What is anxiety?
There are many different types of anxiety. Physical sensations, like racing heart, muscle tension or shortness of breath, can sometimes be a sign of anxiety. Worrying and avoiding things are symptoms, too. Anxiety can serve a purpose. For example, it can make us avoid dangerous situations. However, anxiety becomes problematic when it impacts daily life.
Anxiety can occur before, during, or after pregnancy. Some different types of anxiety include:
- Generalized Anxiety Disorder: Features include worrying too much about ordinary situations, sleep disturbance, irritability, and muscle tension.
- Social Anxiety Disorder: The main feature is feeling uncomfortable when around others.
- Panic Disorder: Is notable for episodes that come seemingly from nowhere. Episodes are brief. You may feel as if you are losing your mind, having a heart attack, or dying.
- Agoraphobia: You may feel unsafe being in certain places or situations. In the most severe cases, you are unwilling to leave your home.
- Phobia: Phobias are usually very specific. Common phobias include fear of heights, spiders, blood, and closed spaces. People who suffer from phobias avoid specific things.
What does anxiety feel like?
Anxiety disorders have various symptoms and presentations. However, the one feature that all types of anxiety share is a sense of fear and discomfort. Physical feelings are commonly felt as well. If you are anxious, you might feel some of the following:
- Chest tightness
- Sense of danger, panic, doom
- Nausea or diarrhea
- Tachycardia (rapid heart rate)
- Poor concentration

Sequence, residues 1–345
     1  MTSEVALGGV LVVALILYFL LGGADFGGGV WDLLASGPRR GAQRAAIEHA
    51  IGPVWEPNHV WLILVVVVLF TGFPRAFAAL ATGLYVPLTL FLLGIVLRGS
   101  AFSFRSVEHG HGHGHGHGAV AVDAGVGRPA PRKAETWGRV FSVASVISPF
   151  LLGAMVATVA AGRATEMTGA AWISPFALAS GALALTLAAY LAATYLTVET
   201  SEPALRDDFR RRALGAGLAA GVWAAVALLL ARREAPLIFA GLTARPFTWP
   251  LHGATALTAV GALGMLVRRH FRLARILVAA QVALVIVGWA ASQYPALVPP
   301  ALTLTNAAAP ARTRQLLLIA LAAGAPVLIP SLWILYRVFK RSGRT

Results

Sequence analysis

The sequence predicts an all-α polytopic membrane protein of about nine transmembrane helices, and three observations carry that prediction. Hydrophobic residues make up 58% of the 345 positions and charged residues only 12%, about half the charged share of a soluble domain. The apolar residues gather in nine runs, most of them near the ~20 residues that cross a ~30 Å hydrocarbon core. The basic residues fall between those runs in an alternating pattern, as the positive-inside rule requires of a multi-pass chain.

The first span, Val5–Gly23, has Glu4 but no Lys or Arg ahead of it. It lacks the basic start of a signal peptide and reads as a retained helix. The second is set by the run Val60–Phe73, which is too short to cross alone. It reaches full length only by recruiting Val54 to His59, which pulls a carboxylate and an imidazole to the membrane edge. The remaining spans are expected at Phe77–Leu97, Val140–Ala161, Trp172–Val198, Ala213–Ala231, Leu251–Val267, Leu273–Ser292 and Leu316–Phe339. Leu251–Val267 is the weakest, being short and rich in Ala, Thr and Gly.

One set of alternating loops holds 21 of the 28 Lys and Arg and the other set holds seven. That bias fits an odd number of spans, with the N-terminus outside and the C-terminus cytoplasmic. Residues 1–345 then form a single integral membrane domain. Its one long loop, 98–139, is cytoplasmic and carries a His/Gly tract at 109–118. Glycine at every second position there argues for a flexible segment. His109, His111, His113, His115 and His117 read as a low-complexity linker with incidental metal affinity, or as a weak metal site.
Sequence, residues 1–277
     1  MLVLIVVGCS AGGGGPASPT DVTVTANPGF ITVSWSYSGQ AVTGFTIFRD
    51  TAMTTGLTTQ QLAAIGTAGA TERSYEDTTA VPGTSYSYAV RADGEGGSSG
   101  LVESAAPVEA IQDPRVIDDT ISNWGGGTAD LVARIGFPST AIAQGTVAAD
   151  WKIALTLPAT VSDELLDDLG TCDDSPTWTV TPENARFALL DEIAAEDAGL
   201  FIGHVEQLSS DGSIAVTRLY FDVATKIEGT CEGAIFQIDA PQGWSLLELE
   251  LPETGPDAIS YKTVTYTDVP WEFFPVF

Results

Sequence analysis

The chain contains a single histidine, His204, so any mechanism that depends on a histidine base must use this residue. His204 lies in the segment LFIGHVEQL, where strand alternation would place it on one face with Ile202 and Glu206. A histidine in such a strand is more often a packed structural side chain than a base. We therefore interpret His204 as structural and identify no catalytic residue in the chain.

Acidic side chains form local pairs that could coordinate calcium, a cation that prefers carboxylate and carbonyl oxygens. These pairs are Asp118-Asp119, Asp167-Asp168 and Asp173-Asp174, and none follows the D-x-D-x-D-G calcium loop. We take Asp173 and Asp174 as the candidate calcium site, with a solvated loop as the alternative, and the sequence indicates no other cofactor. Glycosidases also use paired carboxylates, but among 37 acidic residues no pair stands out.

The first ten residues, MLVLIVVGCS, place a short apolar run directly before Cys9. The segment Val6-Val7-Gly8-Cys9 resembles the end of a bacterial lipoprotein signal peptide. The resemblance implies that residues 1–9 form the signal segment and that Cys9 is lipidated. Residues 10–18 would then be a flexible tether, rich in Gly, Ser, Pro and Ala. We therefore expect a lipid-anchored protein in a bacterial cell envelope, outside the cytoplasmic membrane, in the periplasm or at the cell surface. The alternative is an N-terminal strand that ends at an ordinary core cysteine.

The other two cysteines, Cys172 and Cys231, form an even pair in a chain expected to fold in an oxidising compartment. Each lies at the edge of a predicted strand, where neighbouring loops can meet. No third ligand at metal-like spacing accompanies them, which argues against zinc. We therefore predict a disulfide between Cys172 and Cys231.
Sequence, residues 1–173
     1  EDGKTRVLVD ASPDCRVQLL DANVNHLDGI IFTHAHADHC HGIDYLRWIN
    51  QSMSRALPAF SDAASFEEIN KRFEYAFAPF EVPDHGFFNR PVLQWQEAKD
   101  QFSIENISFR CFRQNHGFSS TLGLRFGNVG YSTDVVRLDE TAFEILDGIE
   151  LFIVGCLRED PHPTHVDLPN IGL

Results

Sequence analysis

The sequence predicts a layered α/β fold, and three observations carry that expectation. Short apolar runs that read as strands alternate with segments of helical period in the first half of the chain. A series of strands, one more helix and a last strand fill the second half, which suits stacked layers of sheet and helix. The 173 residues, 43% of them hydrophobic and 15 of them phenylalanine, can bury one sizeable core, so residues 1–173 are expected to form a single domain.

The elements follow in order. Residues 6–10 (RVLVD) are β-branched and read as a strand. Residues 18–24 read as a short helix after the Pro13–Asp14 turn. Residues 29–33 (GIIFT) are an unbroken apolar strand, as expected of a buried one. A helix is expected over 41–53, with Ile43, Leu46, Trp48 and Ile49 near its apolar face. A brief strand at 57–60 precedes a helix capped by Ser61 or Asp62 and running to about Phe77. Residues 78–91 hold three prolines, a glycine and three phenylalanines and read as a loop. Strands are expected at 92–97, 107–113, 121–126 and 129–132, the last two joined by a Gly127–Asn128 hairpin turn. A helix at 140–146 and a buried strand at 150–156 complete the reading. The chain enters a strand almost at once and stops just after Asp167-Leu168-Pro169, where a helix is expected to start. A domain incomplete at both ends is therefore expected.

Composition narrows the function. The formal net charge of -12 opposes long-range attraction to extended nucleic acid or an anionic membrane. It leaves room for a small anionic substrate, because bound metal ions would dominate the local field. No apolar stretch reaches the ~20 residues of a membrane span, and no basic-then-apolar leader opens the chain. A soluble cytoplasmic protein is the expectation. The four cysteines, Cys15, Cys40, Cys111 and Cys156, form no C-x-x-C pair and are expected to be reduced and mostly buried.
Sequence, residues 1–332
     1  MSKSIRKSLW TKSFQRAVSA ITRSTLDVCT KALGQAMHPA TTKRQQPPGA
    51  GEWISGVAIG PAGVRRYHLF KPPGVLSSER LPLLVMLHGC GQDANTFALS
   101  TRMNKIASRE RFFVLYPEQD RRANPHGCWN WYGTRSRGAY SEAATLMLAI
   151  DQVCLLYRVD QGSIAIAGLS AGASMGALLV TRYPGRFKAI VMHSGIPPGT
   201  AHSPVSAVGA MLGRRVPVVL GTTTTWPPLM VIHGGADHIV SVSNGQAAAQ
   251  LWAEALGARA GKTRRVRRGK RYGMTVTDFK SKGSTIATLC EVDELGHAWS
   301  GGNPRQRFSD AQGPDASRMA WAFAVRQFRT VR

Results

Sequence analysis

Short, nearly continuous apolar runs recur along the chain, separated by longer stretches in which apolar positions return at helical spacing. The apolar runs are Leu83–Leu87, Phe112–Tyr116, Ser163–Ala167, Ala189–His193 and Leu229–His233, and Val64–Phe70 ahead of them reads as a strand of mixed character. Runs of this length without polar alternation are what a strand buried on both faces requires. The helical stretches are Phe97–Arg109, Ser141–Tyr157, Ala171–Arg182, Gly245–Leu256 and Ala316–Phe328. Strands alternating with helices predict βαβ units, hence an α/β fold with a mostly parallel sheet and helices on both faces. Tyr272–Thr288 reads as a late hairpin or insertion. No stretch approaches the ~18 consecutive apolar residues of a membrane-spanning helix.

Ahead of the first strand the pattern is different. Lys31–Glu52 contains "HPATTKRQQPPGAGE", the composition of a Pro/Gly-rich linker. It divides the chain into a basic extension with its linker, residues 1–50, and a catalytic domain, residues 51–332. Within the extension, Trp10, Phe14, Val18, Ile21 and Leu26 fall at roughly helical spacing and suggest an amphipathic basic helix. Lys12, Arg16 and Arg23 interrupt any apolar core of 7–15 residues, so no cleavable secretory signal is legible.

Example 1: Jan is pregnant for her first time. She and her partner have spent a large amount of time and money becoming pregnant. Since learning she was expecting, she can’t sleep. She thinks of all the things that could go wrong with the pregnancy. She does not have morning sickness, yet she has lost two pounds in the 18 weeks of her pregnancy. She calls the nursing line nearly daily. She asks if her symptoms are normal. She worries the baby is not growing, and insists on weekly ultrasounds.
Example 2: Quinn is a 40-year-old woman, pregnant for the fourth time. She has had three trips to the emergency room in one month. Quinn reports she was fine until “out of nowhere” racing heart and heavy breathing started. Quinn is convinced that she was having a heart attack. Quinn worries there will soon be another episode and fears the next one may be deadly, even though her doctors have reassured her.
There are medications that can help someone with an anxiety disorder. Some of them have been approved for anxiety by the Food and Drug Administration. Among the medications that physicians are comfortable using in their pregnant or lactating patients are buspirone, fluoxetine, and sertraline.
Benzodiazepines (like alprazolam or clonazepam) are not a good treatment for anxiety in the long term. There is no evidence that these medications are a better treatment for anxiety compared with other medications. Of greater concern, benzodiazepines can be addictive. They also cause falls and motor vehicle accidents.
Other medicines like fluoxetine or sertraline are better long-term solutions. Under the care of a physician, your anxiety can be well-controlled. A combination of specific medications, therapy, and lifestyle changes can lessen your symptoms and improve your life.
There are treatments for anxiety that do not include medication. Relaxation and breathing training, meditation, and psychotherapy (cognitive behavioral therapy or psychodynamic psychotherapy) can be very helpful. Ask your doctor for information about these options.